Comfortable strap setup




Low-key waxing and color



Cons:



Closure can take some getting used to




Switching strap side could be easier




Low-key waxing and color



Store link
This Scottish maker of waxed canvas items has a long history over there, and sources its cloth from one of the original purveyors of waxed canvas in the world. Were talking 19th century here.
But the design and in fact the cloth itself are distinctly modern. A dry wax finish gives the Wee Lug very little of a waxy feel, but its definitely in there, you can tell. Itll just take longer to develop the kind of wear marks you get in a hurry on the more wax-forward bags like the Vitesse above. Its also a lighter, smoother color in person, compared with the caramel Rummy and more textured Vitesse.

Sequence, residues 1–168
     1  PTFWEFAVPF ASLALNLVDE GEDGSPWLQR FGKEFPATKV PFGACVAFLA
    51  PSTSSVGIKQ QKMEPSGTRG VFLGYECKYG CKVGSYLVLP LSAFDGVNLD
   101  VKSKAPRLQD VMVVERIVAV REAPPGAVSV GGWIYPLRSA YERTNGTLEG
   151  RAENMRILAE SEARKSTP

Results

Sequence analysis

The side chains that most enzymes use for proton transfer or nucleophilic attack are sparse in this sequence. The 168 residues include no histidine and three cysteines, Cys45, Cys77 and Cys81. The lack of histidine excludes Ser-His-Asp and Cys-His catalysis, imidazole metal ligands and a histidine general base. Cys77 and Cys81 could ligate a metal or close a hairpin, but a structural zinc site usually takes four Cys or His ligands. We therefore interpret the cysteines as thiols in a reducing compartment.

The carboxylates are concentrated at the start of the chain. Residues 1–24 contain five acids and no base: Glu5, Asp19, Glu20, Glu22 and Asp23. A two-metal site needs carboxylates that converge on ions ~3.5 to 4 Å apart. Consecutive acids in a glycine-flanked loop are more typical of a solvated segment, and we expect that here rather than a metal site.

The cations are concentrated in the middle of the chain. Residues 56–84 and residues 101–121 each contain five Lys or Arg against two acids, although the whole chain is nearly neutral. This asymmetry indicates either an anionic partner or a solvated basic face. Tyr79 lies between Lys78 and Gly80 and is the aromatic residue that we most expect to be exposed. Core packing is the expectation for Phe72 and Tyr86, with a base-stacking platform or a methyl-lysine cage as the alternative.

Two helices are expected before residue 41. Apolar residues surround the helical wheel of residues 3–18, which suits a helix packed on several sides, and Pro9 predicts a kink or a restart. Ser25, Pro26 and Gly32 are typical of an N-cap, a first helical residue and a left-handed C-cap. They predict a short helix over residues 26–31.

The truth is this finish isnt for everyone in that if you really want that old-fashioned waxed look, this isnt it. But keep in mind that you can (and should) wax or rewax the material on this kind of bag, and youre free to do so.
Whether the material is to your liking or not, the design is excellent. The exterior has two zip-access side pockets a bit like the Vitesse but larger and a bit easier to access. The interior has a zipping padded laptop area, smaller zipped pocket, two simple side pockets, and a large general-use space. Its also a bright, citrusy not-quite-safety orange that complements the tan exterior well.
[gallery ids="1873245,1873247,1873246,1873244,1873243,1873242,1873240,1873241"]
The zippers all have loops, a more practical alternative to ordinary pulls and in my opinion more attractive than leather thongs, which seem to me like theyre just a way to use up scraps. Theres a carry handle near the top of the back that feels very strong and despite sticking out a bit hasnt bothered me while using the bag.